Avoiding Essay Pitfalls

Avoiding Essay PitfallsUnderstandably, MBA candidates have an almost endless number of questions about how to master their application essays. Here, we present our advice on several facets of this challenging portion of the MBA application, in hopes of helping you craft compelling submissions that will stand out to the admissions readers.

Consider Sharing Your Personal Stories

MBA candidates often fixate on their professional and community-based stories when writing their application essays, completely unaware of the potential their personal stories have to be powerful differentiators. Because so many applicants have similar career experiences, personal anecdotes can help candidates stand out from their fellow applicants. In particular, stories of commitment to oneself or others can have a strong emotional impact on an admissions reader, making the candidate much more memorable.

As far what types of experiences you should discuss, the first criterion is that they be truly distinct and specific to you. For example, one individual may have helped his adopted cousin relocate his birth mother, while another might have taken a six-month leave of absence to take her disabled grandmother on a tour of her home country. Each of us has interesting anecdotes we can tell about ourselves, and these kinds of stories can be nicely showcased in your essays with a little bit of thought and creativity.

Connect with the School in a Sincere and Personal Way

To start, let us say that if your target MBA program has not explicitly asked, “Why our school?,” do not try to find a way to answer that question in your essays anyway. This is not a test, and the admissions committee has not asked the question for a reason. If, however, the school has asked you to explain your reasons for choosing it, you must be sure to provide an authentic and well-researched answer.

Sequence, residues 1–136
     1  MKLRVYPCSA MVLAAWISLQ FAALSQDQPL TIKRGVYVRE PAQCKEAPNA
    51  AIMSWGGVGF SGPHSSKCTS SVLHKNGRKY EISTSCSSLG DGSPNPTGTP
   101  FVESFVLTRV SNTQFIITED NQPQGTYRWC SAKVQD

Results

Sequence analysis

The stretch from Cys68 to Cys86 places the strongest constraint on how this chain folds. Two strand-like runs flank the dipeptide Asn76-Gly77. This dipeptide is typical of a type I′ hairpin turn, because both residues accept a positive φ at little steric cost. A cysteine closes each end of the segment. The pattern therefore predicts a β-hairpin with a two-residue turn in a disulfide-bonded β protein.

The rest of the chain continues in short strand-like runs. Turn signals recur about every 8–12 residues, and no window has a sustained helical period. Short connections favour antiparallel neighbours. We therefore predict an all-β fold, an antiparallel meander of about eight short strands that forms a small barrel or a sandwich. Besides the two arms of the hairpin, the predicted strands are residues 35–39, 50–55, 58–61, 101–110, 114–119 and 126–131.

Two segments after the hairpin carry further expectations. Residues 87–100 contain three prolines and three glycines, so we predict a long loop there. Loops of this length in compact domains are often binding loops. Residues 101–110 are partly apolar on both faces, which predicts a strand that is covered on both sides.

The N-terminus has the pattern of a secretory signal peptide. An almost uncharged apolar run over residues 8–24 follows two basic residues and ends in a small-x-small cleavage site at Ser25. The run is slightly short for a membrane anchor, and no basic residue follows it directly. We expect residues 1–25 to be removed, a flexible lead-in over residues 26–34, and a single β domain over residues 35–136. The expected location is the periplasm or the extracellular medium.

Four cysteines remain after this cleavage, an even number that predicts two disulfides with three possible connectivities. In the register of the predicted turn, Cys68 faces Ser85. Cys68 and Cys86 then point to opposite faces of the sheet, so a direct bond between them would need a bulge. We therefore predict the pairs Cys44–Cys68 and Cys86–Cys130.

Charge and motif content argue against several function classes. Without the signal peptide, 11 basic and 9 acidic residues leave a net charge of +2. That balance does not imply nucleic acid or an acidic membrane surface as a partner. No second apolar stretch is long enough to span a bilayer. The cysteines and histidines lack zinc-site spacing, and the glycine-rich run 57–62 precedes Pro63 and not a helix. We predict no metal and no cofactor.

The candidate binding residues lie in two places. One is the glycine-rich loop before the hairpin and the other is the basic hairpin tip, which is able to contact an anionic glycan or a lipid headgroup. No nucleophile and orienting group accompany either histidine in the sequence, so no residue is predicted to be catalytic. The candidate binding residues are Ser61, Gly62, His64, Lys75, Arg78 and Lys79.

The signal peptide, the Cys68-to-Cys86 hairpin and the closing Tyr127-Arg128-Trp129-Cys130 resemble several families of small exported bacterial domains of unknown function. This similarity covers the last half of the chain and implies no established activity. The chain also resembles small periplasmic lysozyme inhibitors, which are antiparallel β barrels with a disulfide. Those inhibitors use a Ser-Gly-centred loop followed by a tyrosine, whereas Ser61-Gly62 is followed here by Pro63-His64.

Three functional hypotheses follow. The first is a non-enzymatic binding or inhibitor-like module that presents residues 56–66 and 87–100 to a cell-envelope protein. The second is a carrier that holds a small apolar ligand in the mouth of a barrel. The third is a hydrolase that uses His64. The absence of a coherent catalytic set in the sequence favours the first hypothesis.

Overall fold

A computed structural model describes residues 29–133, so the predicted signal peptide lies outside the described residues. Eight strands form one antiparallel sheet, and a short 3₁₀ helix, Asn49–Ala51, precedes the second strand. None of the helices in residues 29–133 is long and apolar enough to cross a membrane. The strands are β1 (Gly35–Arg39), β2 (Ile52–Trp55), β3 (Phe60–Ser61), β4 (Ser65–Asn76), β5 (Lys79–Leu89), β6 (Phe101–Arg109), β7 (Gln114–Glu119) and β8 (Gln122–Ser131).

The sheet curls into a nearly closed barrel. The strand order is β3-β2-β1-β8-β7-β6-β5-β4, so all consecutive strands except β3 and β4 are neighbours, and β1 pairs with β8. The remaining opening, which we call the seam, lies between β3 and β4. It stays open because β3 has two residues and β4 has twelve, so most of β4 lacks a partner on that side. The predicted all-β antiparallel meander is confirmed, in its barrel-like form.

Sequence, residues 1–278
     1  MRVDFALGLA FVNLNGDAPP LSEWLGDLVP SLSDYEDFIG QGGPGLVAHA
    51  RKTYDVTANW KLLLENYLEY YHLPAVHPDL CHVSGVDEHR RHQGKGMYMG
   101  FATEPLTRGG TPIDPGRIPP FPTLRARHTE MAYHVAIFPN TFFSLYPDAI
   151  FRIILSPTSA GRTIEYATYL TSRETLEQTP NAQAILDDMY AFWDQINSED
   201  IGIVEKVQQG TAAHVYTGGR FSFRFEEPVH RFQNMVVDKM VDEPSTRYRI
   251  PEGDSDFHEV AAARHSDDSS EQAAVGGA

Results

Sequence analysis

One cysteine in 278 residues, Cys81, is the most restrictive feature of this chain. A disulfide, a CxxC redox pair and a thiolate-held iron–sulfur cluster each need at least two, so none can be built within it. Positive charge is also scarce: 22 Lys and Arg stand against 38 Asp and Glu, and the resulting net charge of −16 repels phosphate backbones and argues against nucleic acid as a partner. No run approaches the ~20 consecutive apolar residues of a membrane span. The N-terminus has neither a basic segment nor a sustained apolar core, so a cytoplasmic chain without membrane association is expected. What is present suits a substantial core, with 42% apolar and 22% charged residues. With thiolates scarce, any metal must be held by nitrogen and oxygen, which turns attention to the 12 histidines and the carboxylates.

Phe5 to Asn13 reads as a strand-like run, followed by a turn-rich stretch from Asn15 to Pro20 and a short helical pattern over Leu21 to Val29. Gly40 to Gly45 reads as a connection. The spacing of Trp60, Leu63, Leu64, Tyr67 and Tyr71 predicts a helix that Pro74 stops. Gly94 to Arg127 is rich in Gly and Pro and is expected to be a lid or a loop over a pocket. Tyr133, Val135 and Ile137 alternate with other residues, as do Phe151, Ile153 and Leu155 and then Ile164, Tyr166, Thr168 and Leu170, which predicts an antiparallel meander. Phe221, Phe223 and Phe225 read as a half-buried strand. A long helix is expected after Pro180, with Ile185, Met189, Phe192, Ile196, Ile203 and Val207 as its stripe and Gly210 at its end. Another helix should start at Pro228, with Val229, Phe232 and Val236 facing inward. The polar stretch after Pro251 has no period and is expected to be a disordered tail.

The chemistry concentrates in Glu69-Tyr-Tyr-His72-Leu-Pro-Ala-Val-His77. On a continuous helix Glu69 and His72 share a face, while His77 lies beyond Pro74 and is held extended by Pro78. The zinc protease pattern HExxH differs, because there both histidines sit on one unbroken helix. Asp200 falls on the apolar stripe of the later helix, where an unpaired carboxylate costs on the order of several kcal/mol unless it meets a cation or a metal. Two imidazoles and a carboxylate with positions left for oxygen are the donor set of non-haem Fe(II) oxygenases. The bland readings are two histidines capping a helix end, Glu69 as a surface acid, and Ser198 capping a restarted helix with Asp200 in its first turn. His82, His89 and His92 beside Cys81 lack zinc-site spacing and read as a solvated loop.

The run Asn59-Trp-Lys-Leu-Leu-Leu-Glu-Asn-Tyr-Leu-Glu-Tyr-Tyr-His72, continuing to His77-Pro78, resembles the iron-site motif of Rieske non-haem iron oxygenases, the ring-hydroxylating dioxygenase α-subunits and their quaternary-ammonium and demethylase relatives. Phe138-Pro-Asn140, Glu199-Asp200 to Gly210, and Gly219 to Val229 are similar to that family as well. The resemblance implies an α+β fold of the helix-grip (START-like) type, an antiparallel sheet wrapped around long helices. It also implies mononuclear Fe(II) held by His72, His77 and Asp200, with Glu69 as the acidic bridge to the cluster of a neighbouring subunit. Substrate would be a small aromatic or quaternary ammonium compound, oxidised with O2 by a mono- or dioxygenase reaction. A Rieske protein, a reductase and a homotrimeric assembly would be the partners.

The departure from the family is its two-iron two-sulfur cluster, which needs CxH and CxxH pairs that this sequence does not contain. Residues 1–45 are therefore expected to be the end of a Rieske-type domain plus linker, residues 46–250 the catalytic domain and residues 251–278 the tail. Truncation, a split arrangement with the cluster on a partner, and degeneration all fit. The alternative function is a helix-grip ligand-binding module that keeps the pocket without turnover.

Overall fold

Some candidates mistakenly believe that they must aggressively and enthusiastically state their love for their target school, sometimes resorting to pandering or speaking merely in glowing generalities. Rather than showering a program in compliments, focus on demonstrating a thorough understanding of what the MBA program offers and of how that connects with you personally. A common mistake is discussing one’s firsthand experience with a specific program in a very vague and general way. Consider the following example:

“During my visit to Cornell Johnson, I was struck by the easygoing classroom discussion, the warmth of the professors, and the time spent by the first-year student who not only toured the facilities with me but also took me for coffee and asked several of his colleagues to join us.”

Although these statements are positive and may in fact be true, the text contains no school-specific language. If the Yale School of Management, Michigan Ross, or the name of any other school were substituted for Cornell here, the statement would not otherwise change at all. It could easily apply to any MBA program—and this is not good. In contrast, the following statement could refer only to the University of Virginia’s Darden School: